The new deal between the University of California System (the UC) and Elsevier was announced earlier this week with much fanfare, the UC declaring it a “breakthrough,” Elsevier touting it as a “win for researchers,” and the LA Times columnist Michael Hiltzik calling it “a leap forward for the open-access movement.” Update: Gary Price has a great round-up of coverage (as always) at InfoDocket, and Lisa Hinchliffe has a helpful backgrounder here.

The UC has been a trailblazer in supporting open access in a variety of ways, and they deserve a huge amount of credit for that. Their system-wide open access policy and their work supporting self-archiving in the UC repository is awe-inspiring, as is their investment in surfacing and supporting many pathways to OA. Their negotiating toolkit was a major help as we organized our own efforts with Elsevier.

While libraries in the US expressed solidarity with the UC’s fight with Elsevier over pricing and open access when they walked away from negotiations in 2019, some US libraries, librarians, and even some OA publishers seem to be skeptical of the UC’s approach to ‘transforming’ scholarly publishing through its new deal with Elsevier. Why? I can only speak for myself, but here, in a nutshell, are some key things that make me hesitate to cheer this new deal:

Elsevier does what’s best for Elsevier. The serials crisis—the slow-motion catastrophe that has seen a few journal oligopolies commandeer library budgets, crowding out other investments—is not an accident or a natural disaster. It is the result of a deliberate business strategy, implemented by commercial firms whose sole duty is not to science but to their shareholders. By far the largest and most-boycotted (to little effect) of these firms is Elsevier. That Elsevier loves this deal is enough to make me worry. That concern only deepens when we see sharp independent observers like Roger Schonfeld argue persuasively that these deals will ensure Elsevier’s continuing dominance of scholarly publishing in the open access future.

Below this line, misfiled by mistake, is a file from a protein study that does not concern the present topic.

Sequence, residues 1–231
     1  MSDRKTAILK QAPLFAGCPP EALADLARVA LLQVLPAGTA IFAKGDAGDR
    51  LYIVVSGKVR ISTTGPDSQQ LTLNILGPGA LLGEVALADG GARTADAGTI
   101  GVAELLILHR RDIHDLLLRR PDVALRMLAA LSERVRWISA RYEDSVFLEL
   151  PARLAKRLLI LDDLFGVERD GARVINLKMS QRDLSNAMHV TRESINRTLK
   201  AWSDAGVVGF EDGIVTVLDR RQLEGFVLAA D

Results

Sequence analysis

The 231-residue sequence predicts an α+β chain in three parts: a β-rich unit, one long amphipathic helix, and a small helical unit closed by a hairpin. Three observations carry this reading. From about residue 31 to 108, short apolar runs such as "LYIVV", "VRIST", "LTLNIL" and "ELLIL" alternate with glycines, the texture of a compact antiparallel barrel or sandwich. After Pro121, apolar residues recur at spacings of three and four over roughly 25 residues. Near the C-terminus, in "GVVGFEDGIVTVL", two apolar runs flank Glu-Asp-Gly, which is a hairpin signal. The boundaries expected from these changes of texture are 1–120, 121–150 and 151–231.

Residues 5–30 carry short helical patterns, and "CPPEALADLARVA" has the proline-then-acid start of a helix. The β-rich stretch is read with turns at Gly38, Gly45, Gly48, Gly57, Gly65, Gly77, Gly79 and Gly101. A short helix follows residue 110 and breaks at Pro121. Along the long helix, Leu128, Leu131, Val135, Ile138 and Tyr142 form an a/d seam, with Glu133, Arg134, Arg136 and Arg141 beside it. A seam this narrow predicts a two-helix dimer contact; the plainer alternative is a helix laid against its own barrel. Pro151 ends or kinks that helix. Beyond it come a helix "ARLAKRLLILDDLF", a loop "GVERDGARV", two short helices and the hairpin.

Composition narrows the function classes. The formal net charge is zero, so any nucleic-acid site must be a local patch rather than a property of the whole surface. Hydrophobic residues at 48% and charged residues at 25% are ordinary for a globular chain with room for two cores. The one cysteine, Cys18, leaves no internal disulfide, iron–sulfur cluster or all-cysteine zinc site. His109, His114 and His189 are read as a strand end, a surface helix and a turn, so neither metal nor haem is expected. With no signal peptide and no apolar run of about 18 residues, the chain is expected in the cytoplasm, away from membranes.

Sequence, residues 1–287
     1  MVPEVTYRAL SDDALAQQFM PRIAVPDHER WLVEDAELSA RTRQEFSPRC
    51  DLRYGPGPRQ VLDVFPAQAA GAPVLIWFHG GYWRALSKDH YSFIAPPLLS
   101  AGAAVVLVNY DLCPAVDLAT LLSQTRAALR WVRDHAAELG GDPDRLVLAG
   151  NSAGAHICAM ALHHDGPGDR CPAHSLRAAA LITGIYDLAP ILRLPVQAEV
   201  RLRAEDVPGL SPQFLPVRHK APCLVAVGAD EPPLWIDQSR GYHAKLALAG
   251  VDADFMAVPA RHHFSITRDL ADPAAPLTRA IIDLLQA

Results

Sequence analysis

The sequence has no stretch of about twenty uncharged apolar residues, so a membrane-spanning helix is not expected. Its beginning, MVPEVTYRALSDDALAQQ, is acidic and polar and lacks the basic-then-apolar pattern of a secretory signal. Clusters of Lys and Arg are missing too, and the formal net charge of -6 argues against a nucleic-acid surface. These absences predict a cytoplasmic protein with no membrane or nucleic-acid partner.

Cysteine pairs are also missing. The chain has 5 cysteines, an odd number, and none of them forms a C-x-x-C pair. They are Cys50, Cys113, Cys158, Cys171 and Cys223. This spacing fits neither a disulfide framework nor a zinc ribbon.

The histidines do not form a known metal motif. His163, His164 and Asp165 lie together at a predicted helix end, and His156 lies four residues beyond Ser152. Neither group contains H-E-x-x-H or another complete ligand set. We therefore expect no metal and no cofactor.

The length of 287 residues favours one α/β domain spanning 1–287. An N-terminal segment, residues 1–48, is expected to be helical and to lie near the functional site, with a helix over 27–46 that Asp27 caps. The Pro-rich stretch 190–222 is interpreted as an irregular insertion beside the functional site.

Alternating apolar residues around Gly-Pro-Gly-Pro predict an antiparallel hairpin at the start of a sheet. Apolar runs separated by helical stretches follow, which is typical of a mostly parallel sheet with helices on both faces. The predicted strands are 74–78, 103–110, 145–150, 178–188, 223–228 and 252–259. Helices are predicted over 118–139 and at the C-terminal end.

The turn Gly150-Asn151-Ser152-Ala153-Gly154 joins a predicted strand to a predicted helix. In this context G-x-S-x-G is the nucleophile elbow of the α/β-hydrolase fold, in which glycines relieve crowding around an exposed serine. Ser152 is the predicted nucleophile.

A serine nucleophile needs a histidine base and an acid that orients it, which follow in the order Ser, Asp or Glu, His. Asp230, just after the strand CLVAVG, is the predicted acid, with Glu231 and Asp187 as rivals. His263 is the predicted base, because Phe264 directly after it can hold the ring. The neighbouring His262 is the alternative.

It transforms access, but caters to IF mania. Open access activism has long been focused on how commercial academic publishers use copyright to lock up and monetize research. Open access aims to remove copyright as a barrier to access to knowledge, and on those terms, the UC-Elsevier deal is a success. But copyright is only half (maybe less) of the dysfunction in academic publishing. The deeper, more insidious problem is the journal prestige economy (aka impact factor mania)—the academy’s reliance on journal reputation and metrics like journal impact factor in evaluating the quality of scholarship and of scholars. A publisher who controls a high-prestige title has a captive workforce of authors who must struggle to publish in their outlet in order to advance professionally. Transforming the copyright aspect of this system without also upsetting the prestige economy (e.g., by reforming promotion and tenure) only shifts the unsustainable cost of IF mania from readers to authors (and author-supporting institutions, like the UC).

Far from unsettling the prestige economy, the UC deal seems to cater to it, offering authors reassurance that publishing fees will not be a barrier to their participation in this system. When libraries urge faculty to embrace open access, a common rejoinder is “Then the library should pay my APCs.” When I hear that suggestion, the ensuing conversation is typically about why that’s an unsustainable model, and why more radical change is needed to address the many harms of the old system. The UC’s response, at least in this deal, is, “Sure, here you go!” That may put the rest of us in a difficult position.